Name and History of Colorado Springs, CO
There are many town names in Colorado with the second word of “Springs”. You probably heard them – Colorado Springs, Idaho Springs, Glenwood Springs, Manitou Springs… Often first time visitors wonder “Where are the Springs?” In Colorado Springs case you actually have to visit the adjoining to the west town of Manitou Springs and surrounding area to experience cold drinking springs which were used by native Indians for ages before the white men came here. In fact Ute, Cheyenne, Navajo, Arapaho, and other Indian tribes have not had any fights in this sacred area as well as in the Garden of the Gods, an area filled with breathtaking natural red sandstone rock formations. In the last couple of decades several of the original springs in Manitou have been restored and the waters are available for free public consumption. radon mitigation colorado springs
The life of Colorado Springs city started in August of 1871 when General William Palmer laid out the city at the base of majestic Pikes Peak, with Acacia Park at its center, the only high quality resort town between the Mississippi River and California. Palmer set in motion the aspiration that would create the unique place, jewel of the West, called Colorado Springs. In July 2006, Money magazine ranked Colorado Springs the best place to live in the big city category, which includes cities with 300,000 or more people. The Colorado Springs population now is around 460,000 people, and close to 600,000 to include the suburbs.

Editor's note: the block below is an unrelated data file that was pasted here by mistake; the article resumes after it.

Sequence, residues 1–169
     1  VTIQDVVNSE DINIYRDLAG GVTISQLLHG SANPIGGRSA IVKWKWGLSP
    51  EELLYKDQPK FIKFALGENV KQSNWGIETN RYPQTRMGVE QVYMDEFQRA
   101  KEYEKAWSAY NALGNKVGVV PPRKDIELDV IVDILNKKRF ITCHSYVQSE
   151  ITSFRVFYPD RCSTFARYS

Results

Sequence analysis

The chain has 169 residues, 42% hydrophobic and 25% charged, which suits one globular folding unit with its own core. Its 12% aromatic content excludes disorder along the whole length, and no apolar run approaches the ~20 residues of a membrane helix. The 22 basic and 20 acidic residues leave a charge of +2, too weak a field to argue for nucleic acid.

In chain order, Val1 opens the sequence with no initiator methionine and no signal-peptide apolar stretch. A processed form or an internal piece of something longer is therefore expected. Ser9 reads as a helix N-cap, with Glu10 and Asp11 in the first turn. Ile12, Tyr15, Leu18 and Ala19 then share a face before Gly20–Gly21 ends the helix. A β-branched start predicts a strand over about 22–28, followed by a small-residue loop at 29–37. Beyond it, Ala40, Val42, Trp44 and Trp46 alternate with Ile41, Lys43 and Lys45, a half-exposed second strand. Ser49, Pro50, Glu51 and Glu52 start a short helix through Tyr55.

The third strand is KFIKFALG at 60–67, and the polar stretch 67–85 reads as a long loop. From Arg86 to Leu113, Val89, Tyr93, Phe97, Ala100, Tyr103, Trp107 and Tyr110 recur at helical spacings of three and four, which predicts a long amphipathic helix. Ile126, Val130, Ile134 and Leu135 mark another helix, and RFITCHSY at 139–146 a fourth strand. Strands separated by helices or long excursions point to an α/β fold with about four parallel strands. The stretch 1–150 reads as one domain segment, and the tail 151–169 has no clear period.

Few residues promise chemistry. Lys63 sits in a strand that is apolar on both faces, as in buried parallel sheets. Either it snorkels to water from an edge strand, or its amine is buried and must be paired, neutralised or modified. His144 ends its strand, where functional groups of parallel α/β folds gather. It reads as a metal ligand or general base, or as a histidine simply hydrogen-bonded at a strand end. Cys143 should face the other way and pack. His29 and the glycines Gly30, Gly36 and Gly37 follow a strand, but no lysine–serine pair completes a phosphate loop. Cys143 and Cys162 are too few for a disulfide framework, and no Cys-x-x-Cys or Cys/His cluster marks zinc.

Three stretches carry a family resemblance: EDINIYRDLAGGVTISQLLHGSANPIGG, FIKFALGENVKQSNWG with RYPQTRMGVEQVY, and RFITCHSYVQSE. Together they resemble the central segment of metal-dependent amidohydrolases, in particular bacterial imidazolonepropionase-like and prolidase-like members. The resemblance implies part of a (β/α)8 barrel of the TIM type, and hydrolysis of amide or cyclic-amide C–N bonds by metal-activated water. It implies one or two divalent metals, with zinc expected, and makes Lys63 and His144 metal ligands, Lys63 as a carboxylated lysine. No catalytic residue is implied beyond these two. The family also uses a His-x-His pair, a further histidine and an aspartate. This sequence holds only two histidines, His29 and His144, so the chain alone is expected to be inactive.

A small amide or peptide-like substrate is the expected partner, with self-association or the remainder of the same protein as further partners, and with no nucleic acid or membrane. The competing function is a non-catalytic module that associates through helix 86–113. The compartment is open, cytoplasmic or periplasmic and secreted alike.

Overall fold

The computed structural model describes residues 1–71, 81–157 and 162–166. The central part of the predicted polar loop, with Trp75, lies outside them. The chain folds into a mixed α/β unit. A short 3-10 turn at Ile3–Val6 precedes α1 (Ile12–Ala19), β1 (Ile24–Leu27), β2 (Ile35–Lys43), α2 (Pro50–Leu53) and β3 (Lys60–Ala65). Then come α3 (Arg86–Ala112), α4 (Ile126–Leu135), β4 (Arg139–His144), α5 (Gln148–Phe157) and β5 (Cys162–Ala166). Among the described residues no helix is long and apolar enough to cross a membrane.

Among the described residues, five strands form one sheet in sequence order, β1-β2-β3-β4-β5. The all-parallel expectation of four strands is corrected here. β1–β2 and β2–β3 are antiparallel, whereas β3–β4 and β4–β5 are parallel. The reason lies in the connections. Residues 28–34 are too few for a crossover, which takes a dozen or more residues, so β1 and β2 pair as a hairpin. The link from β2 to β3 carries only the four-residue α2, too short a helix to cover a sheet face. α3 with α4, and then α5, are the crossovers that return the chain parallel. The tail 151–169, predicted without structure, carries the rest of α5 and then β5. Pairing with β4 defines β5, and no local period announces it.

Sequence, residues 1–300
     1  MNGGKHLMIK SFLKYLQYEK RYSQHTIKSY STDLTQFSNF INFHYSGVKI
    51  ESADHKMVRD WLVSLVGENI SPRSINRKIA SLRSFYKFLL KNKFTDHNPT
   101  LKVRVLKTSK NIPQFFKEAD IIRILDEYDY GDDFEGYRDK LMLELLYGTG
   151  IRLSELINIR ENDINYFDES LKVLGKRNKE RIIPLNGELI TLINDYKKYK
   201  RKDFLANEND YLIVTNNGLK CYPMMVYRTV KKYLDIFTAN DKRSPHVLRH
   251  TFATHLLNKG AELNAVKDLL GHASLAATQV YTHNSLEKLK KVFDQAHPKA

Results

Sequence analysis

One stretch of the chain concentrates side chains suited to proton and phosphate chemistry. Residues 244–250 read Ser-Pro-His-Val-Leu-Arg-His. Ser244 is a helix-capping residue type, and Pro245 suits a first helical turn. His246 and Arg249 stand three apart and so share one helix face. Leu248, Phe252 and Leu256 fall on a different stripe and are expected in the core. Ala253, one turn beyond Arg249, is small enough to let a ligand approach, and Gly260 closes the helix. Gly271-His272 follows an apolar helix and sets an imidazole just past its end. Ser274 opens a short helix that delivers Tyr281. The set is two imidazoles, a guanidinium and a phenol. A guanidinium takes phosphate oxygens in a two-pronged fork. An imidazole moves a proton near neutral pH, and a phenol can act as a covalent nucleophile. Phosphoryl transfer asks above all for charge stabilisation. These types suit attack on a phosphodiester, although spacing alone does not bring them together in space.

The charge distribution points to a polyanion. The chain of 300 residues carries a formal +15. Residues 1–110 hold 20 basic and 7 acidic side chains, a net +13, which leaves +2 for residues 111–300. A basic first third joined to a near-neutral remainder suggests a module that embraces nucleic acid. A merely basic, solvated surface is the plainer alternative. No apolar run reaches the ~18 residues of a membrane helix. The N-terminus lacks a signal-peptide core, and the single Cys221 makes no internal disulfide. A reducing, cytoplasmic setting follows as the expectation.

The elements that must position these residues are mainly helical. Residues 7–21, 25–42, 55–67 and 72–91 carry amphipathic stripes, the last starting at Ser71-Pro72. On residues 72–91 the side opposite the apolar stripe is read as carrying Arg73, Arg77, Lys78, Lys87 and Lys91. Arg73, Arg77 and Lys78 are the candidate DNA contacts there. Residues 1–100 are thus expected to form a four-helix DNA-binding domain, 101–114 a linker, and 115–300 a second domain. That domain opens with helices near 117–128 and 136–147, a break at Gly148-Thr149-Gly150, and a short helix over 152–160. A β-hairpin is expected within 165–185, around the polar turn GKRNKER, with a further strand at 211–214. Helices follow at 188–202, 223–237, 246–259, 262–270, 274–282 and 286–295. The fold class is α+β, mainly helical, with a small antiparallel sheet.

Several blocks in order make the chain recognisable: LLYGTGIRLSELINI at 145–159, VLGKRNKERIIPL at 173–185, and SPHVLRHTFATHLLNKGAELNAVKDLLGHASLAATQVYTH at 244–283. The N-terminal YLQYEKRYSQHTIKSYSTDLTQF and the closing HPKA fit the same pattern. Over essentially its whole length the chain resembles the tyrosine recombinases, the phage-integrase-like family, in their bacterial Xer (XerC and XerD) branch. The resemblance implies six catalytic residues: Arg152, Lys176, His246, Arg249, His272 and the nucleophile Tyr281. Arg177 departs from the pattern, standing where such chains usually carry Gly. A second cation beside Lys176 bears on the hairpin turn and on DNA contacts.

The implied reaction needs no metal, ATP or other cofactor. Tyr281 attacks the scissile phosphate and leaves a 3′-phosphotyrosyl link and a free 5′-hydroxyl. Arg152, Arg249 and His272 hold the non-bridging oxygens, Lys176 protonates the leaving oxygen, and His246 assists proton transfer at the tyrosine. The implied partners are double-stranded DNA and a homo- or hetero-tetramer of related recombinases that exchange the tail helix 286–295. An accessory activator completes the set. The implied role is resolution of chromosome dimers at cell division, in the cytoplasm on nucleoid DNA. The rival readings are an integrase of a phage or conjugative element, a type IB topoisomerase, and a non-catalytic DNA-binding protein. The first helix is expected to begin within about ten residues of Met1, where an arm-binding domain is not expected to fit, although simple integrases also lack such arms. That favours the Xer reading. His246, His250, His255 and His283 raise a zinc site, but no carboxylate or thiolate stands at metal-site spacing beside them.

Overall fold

The city is located just east of the geographic center of the State and 61 miles (98km) south of the Colorado State Capitol in Denver. At 6,040 feet (1840 meters) Colorado Springs sits over one mile above sea level, though some areas of the city are significantly higher. At the end of 19th century, the town was nicknamed “Little London” because of many English tourists who came. Within two years Colorado Springs attracted many U.S. and international health-savvy tourists seeking the high altitude and dry climate.
Colorado Springs averages 300 days of sunshine annually. Isn’t it perfect and one of the main conditions for a great outdoor vacation? At least if you’re not a speleologist. Though if you are, there is a beautiful Cave of the Winds, a natural cave system that offers everything from easy walking tours to muddy, spelunking adventures. But to get back to the great sunny weather, it makes outdoor activities very enjoyable. Skiing, hiking, mountain climbing, fishing, golfing, bird watching, kayaking, river rafting, etc. More than 300,000 people float Colorado’s rivers each year!